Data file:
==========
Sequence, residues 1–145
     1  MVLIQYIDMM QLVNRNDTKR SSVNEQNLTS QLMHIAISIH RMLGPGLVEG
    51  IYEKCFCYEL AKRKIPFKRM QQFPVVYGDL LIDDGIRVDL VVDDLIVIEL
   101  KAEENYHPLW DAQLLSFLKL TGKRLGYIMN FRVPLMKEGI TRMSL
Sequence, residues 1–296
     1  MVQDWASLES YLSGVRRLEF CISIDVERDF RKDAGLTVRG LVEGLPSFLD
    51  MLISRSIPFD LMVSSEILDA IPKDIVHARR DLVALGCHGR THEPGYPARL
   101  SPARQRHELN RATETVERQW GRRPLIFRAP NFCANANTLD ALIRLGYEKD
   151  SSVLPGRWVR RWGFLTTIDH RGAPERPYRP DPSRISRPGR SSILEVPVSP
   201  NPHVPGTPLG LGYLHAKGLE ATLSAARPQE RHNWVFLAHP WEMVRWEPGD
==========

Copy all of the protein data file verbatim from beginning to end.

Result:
Sequence, residues 1–145
     1  MVLIQYIDMM QLVNRNDTKR SSVNEQNLTS QLMHIAISIH RMLGPGLVEG
    51  IYEKCFCYEL AKRKIPFKRM QQFPVVYGDL LIDDGIRVDL VVDDLIVIEL
   101  KAEENYHPLW DAQLLSFLKL TGKRLGYIMN FRVPLMKEGI TRMSL
Sequence, residues 1–296
     1  MVQDWASLES YLSGVRRLEF CISIDVERDF RKDAGLTVRG LVEGLPSFLD
    51  MLISRSIPFD LMVSSEILDA IPKDIVHARR DLVALGCHGR THEPGYPARL
   101  SPARQRHELN RATETVERQW GRRPLIFRAP NFCANANTLD ALIRLGYEKD
   151  SSVLPGRWVR RWGFLTTIDH RGAPERPYRP DPSRISRPGR SSILEVPVSP
   201  NPHVPGTPLG LGYLHAKGLE ATLSAARPQE RHNWVFLAHP WEMVRWEPGD